Circulated or Uncirculated? Why a coin found in circulation can lack wear

Found in Rolls: It’s clear that coins can be both
By , Special to Coin World
Published : 10/29/16
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Found in Rolls column from the Nov. 14, 2016, weekly issue of Coin World:

Who would think that there could be something controversial about the simple act of searching through rolls of coins in order to find collectibles? By way of parodying the opening phrase of a soliloquy in the “Nunnery Scene” of William Shakespeare’s play Hamlet, a reader ponders “Circulated or Uncirculated? That is the question.”

The general definition of the term “circulated,” when used to label a coin, describes a coin that has entered the stream of commerce after having been issued for general circulation by a minting authority. 

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For many, then, a coin defined as Uncirculated is, of course, one that has not entered the stream of general circulation. Such a coin would be one that was issued and perhaps packaged as part of an Uncirculated Mint Set offered for sale by a minting authority.

Since roll searching involves looking through coins that, obviously, have been placed into circulation, must it follow that those coins, which have been issued by a Mint, delivered to and processed by coin counting and distributing companies and subsequently delivered to various banks, must be circulated? Well, not necessarily!

Take the group of coins I recently discovered in rolls during my searches and tell me what you think. Examine the 1959 Lincoln cent, the 1958-D Jefferson 5-cent coin and the 1964 Kennedy half dollar closely. Are they circulated, because they were found in bank rolls or Uncirculated, because they look, well, Uncirculated?

Enter our modern grading system where the status of a coin as circulated or Uncirculated depends solely on a coin’s state of preservation while having little or nothing to do with where the coin was discovered.

With our current and commonly used system of grading coins, Mint State 60 is the minimum grade a coin needs to achieve in order to call a coin Uncirculated. It is easy to see that each of these coins would easily grade MS-60 or better. Set apart from the activity of roll searching, these three coins, exhibiting no signs of circulation wear, could not be told apart from coins that have been separated from U.S. Mint Uncirculated sets.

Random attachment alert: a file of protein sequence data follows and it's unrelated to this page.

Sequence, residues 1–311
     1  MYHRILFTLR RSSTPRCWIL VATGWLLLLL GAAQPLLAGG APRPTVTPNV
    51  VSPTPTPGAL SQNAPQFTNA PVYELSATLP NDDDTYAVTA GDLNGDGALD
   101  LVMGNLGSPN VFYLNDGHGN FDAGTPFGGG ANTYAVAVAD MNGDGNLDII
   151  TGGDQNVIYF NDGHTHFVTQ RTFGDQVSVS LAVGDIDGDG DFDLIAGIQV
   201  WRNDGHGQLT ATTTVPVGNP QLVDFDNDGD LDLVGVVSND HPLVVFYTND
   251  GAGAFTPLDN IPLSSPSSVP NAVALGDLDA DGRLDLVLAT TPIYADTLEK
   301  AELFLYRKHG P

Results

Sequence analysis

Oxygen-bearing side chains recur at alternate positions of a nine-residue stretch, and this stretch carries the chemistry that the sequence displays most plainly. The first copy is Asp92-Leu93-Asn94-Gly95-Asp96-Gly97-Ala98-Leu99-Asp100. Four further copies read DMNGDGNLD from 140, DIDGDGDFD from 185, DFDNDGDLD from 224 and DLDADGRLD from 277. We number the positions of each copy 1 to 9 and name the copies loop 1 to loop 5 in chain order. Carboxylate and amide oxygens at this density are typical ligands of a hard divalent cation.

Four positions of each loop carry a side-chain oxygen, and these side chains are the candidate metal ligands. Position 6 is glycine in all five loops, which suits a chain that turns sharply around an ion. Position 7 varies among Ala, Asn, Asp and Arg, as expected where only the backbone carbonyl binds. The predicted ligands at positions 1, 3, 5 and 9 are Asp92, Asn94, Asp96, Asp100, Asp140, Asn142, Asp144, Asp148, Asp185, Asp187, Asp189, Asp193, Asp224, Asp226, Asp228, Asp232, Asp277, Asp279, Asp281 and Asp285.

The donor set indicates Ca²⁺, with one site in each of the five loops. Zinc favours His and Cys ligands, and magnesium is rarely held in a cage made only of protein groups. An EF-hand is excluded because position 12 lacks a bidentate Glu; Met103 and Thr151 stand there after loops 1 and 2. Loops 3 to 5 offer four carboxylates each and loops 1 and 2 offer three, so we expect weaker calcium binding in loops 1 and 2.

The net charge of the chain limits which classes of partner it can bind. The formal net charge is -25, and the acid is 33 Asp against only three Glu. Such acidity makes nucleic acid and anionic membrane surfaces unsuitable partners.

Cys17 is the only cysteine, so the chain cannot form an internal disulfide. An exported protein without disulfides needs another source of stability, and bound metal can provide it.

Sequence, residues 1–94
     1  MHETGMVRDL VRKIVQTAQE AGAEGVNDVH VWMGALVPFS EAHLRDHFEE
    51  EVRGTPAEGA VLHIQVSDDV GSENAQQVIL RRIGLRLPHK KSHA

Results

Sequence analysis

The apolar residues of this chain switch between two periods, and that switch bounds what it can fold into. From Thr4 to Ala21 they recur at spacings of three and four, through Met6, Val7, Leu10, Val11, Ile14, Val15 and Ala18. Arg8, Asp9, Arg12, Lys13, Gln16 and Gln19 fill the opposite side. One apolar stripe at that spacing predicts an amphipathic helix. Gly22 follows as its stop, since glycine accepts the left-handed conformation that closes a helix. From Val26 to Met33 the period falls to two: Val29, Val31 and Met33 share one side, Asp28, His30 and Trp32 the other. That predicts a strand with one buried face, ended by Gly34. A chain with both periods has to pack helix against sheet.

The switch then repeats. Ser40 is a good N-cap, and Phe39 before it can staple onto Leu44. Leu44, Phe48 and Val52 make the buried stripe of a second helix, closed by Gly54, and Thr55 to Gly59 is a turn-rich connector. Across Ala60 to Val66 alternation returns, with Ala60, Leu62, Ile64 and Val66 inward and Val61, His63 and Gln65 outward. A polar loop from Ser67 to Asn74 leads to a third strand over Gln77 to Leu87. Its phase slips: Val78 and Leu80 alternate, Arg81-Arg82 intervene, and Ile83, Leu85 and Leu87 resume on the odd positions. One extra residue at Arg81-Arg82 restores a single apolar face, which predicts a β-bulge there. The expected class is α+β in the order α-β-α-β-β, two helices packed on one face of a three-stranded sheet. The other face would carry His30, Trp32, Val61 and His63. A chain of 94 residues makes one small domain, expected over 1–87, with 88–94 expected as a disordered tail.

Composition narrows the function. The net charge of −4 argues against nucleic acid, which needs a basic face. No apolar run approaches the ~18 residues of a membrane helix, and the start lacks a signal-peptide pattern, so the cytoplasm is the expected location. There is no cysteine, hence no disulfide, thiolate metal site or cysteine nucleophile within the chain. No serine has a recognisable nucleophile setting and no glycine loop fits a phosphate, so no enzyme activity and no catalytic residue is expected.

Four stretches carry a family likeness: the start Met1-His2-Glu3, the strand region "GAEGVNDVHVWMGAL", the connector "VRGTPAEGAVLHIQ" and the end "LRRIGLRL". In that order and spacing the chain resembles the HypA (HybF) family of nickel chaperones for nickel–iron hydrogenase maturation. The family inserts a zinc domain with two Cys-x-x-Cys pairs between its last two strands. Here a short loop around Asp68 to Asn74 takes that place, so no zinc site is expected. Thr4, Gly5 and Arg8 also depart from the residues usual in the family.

So even though these coins are circulated, they are also Uncirculated at the same time! For me, if a coin looks Uncirculated then it is Uncirculated, whether or not it was “Found In Rolls!” 

Please share your thoughts and comments by emailing foundinrolls@netscape.net or via Twitter @foundinrollscw.


U.S. coins mentioned in this article:

Kennedy half dollar

Kennedy half dollar: The shot heard around the world in 1963, a bullet from an assassin's weapon that ended the life of U.S. President John F. Kennedy, is still remembered on the annually produced half dollar struck in his honor since 1964. How much are Kennedy half dollars worth?


Jefferson 5-cent coin

Jefferson 5-cent: If one word sums up the Jefferson 5-cent coin, it would be "change" because throughout its storied history it has endured many changes. How much are Jefferson 5-cents worth?


Lincoln cent

Lincoln cent:  The popular Lincoln cent has gone through several reverse updates since it was introduced in 1909 to honor the nation's 16th president on the 100th anniversary of his birth. How much are Lincoln cents worth?

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